I have suggested for weeks, I suggested in my piece yesterday, that you take some money off the table, sell some of your bullets, and re-deploy. Quantitative Easing is coming to an end and there will be ramifications for the bond markets and, eventually, for the equity markets. The days of free money, newly printed money, are coming to a close as America begins to right itself and as our banking system is mostly out of the woods. The longer end of the curve, hit hard yesterday, is heading to higher yields in my opinion. We will also begin to see inflation creep in for a variety of reasons and I point specifically to the price of gas at the pump which, while no one was looking, has hit its all-time highs this week as each penny of increase adds $1 billion to household spending and gasoline has risen thirty cents in the last month.
Smith’s sentiments are appreciated, but actually he is wrong about a fundamental point, at least in today’s business environment. Goldman doesn’t have to give a damn about its clients because the vampire squid has found a much more lucrative way of insuring their bottom line: government largesse.
Only in a debt-based money system could debt be curiously cast as an asset. We’ve made “extend and pretend” a quaint phrase for a burgeoning market for financial lying and profiteering aimed toward preventing the collapse of a debt- (or lack-) based system that was already doomed by its initial design to collapse. This primer will detail the major components and basic evolution of fake wealth creation, accelerating debt expansion, hollowing out of the economy, and inevitable financial implosion.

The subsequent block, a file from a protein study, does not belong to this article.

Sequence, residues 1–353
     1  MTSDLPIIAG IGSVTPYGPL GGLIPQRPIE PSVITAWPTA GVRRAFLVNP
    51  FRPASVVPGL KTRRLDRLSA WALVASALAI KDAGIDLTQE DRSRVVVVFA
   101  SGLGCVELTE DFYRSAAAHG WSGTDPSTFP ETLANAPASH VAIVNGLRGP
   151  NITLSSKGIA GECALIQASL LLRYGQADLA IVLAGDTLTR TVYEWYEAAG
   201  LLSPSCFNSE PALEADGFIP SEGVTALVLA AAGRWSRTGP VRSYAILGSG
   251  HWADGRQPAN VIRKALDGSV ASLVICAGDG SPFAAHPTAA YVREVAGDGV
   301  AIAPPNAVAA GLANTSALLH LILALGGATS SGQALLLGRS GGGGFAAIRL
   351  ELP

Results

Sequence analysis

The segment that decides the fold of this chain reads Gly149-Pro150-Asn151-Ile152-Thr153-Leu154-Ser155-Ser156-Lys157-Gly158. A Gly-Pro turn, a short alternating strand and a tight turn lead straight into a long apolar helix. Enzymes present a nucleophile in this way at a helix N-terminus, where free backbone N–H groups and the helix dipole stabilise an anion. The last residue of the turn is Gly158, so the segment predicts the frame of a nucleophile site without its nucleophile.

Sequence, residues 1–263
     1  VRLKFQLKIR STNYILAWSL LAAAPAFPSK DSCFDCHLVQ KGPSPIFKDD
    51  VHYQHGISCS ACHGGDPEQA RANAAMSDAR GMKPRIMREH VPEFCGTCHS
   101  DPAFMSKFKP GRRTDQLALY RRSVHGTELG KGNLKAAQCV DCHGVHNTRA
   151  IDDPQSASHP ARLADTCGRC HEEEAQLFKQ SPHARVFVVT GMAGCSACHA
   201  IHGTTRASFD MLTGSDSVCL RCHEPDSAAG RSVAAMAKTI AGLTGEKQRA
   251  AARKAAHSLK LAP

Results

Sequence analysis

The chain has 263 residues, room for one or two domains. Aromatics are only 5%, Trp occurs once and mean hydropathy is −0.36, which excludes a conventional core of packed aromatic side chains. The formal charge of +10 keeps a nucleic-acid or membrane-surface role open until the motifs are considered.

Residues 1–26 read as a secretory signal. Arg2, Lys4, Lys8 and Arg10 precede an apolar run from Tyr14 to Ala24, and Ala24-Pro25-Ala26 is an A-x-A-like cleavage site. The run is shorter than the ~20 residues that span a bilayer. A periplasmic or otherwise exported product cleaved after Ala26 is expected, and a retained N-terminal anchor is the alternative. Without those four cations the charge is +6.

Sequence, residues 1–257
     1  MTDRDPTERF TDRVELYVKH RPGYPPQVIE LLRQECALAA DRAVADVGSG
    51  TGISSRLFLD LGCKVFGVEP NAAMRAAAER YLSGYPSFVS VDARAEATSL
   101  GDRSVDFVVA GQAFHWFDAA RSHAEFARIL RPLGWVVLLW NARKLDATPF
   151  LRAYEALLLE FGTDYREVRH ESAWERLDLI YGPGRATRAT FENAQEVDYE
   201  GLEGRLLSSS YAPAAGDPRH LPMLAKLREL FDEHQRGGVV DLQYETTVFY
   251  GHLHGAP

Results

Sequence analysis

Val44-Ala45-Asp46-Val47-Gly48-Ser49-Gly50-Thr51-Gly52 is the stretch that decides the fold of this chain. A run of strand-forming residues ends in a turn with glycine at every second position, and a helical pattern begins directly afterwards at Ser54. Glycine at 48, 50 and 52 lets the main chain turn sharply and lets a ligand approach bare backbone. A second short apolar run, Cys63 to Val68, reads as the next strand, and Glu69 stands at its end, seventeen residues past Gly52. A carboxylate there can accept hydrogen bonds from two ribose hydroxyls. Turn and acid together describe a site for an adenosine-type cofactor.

I will admit that having written extensively and aggressively about Wall Street’s self-regulator FINRA over the last three years, I did not think there was anything more I could see that would surprise me. Today I am surprised, shocked, and saddened. For those in our nation who have a semblance of decency and a desire to see due process reflected in legal hearings and financial arbitration, I believe you will be similarly dismayed. The case to which I will refer strikes deep into the core of Wall Street arbitration. I hope you are sitting down and do not have any sharp objects nearby as Dow Jones’ Al Lewis provides a scathing expose of a FINRA arbitration entitled Broker Bankrupted in Kangaroo Court,
In the Spring of 2011, when Libyan oil production -- over 1 million barrels a day (mpd) -- was suddenly taken offline, the world received its first real-time test of the global pricing system for oil since the crash lows of 2009. Oil prices, already at the $85 level for WTIC, bolted above $100, and eventually hit a high near $115 over the following two months. More importantly, however, is that -- save for a brief eight week period in the autumn -- oil prices have stubbornly remained over the $85 pre-Libya level ever since. Even as the debt crisis in Europe has flared. As usual, the mainstream view on the world’s ability to make up for the loss has been wrong. How could the removal of “only” 1.3% of total global production affect the oil price in any prolonged way?, was the universal view of “experts.” Answering that question requires that we modernize, effectively, our understanding of how oil's numerous price discovery mechanisms now operate. The past decade has seen a number of enormous shifts, not only in supply and demand, but in market perceptions about spare capacity. All these were very much at play last year. And, they are at play right now as oil prices rise once again as the global economy tries to strengthen.